The gist of the appellant's second argument is that a trial court cannot hold as a matter of law that no genuine issues of material fact exist on a given claim when there has been inadequate discovery. While it is possible for a court to resolve the question of immunity on summary judgment without allowing for discovery, see, e.g., Anderson, 483 U.S. at 646 n. 6; Little, 863 F.2d at 685, the district court's grant of summary judgment in the instant case was based only in part on a finding of immunity. Nevertheless, we may affirm the decision of a district court on any basis finding support in the record. Fadhl v. City & County of San Francisco, 859 F.2d 649, 651 (9th Cir. 1988) (per curiam).
The appellant's putative fifth amendment claims include the alleged denial of an opportunity for him to respond to the charges made against him; the making of defamatory statements by government officials; wrongful termination; and the deduction of $560.38 from his final salary check without prior notice or an opportunity to respond. These claims lack merit.
With reference to Stokwitz's first contention, we note that he was not terminated until after he had been flown to Washington, D.C. to meet with a representative of the Office of General Counsel, where the charges against him were outlined and the appellant was afforded the opportunity to respond thereto, which he did. As for the so-called "stigmatizing" comments of government officials, virtually all of the allegedly defamatory statements referred to by the appellant were made public, not by any government officials, but by Stokwitz himself.2 With respect to the appellant's claim that he was wrongfully terminated, he has neither alleged nor shown any circumstances surrounding his excepted, i.e., at-will, employment which would have given rise to anything more than a mere expectancy of continued employment. Such is insufficient to create a federally protected property interest. See, e.g., Board of Regents v. Roth, 408 U.S. 564, 578 (1972).3 Finally, as to Stokwitz's claim concerning the withholding of $560.38 from his final check, we note that the federal government is authorized to take such action, see 5 U.S.C. §§ 5511(b), 5514(a) (1), and the question whether proper administrative procedures were followed in doing so states no claim as against the appellees, none of whom was in any position to direct or authorize the withholding of any monies allegedly due the appellant.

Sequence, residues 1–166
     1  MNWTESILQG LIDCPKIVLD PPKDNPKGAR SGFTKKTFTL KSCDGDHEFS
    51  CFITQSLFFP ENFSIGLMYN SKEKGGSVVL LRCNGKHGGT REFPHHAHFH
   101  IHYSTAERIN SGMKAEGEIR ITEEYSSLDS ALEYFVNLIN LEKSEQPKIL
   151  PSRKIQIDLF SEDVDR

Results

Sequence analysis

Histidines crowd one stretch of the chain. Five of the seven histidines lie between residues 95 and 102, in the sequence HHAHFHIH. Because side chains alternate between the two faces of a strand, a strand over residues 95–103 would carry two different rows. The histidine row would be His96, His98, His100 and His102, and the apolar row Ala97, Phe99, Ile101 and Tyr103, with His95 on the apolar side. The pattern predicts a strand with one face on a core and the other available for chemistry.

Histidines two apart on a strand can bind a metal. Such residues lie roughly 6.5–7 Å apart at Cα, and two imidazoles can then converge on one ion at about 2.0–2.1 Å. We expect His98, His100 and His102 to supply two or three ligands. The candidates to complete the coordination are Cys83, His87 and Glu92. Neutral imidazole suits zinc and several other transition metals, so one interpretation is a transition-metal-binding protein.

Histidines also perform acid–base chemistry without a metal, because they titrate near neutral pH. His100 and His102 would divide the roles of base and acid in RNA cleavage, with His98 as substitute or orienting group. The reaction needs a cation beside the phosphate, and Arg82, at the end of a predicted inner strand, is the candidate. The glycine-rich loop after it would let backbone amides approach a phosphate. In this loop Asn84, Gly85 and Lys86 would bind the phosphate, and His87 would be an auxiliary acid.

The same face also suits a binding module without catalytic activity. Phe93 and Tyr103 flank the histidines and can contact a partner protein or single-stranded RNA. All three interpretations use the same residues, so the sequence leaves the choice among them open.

B. Fourth Amendment Claims (Counts III, IV, and V)
Stokwitz's fourth amendment claims are that his office was subjected to an unlawful search which resulted in the improper seizure of some personal effects, and that his mail and telephone calls were being intercepted. These contentions also fail.
The appellant's first argument raises the question of the appellees' defense of immunity. As this court recently noted with respect to qualified immunity,
The rule as to qualified immunity is that "government officials performing discretionary functions, generally are shielded from liability for civil damages insofar as their conduct does not violate clearly established statutory or constitutional rights of which a reasonable person would have known." Harlow v. Fitzgerald, 457 U.S. 800, 818 (1982).
Little, 863 F.2d at 684. Qualified immunity is not merely a defense to liability, however; it is a right not to stand trial and, where the circumstances warrant, to avoid being subjected to discovery. Mitchell v. Forsyth, 472 U.S. 511, 526 (1985). Thus, " [u]nless the plaintiff's allegations state a claim of violation of clearly established law, a defendant pleading qualified immunity is entitled to dismissal before the commencement of discovery." Id. (citing Harlow, 457 U.S. at 818).
In determining whether "clearly established" legal precedent existed at the time in question, a court must examine not only the law of the relevant jurisdiction, but all available decisional law. Wood v. Ostrander, 851 F.2d 1212, 1217 (9th Cir. 1988). The closest Ninth Circuit case on point was that of United States v. Bunkers, 521 F.2d 1217 (9th Cir.), cert. denied, 423 U.S. 989 (1975), in which a postal employee's locker was searched without a warrant. We held in that case that the employee could not have had a reasonable expectation of privacy in the locker because of a postal regulation which subjected the lockers to search. Id. at 1219. We further noted that the locker was government owned and on government property, and had been furnished to the appellant as an incident of her employment. Id. Accord, Williams v. Collins, 728 F.2d 721, 728 (5th Cir. 1984) (warrantless search of employee's office and desk, including locked desk drawer, and temporary seizure of personal items, were within outer limits of civilian and military defendants' authority entitling them to immunity).